Participant observation research in an elementary school from 1989 to 1992 reinforces our understanding that often inner city children find a conflict between the behaviors and values that help them survive on the "street" and those that are expected in the middle-class educational system in which they are engaged on a day-to-day basis. While expecting middle-class responses, however, many teachers used archaic teaching strategies that have been abandoned in our best suburban schools. The research also makes clear the need for teachers to have high expectations for children while employing teaching methodologies that focus on individual students and their strengths and weaknesses. Policy recommendations are outlined that could alter the success of inner city education, if employed judiciously.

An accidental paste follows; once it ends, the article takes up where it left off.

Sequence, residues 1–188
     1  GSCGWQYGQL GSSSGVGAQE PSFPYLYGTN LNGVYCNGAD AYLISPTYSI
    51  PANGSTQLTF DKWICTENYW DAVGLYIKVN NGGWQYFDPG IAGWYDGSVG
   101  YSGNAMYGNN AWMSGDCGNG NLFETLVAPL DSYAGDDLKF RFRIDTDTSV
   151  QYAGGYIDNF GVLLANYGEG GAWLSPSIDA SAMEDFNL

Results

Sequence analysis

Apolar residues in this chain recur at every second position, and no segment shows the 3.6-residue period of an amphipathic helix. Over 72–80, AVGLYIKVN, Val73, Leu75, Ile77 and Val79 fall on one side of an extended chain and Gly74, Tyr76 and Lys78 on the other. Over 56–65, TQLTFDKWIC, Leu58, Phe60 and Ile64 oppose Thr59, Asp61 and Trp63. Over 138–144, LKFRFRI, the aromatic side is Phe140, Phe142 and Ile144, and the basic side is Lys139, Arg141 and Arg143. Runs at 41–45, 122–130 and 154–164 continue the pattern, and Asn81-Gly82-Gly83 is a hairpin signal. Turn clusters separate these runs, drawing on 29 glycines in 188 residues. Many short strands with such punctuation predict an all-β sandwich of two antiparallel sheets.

Bryant, Nita L.; Hartman, David W.; and Taylor, Dexter
"Educational Policy and Training Implications of Social Science Research: Lessons from an Inner City Elementary School,"
Clinical Sociology Review:
1, Article 16.
Available at: http://digitalcommons.wayne.edu/csr/vol12/iss1/16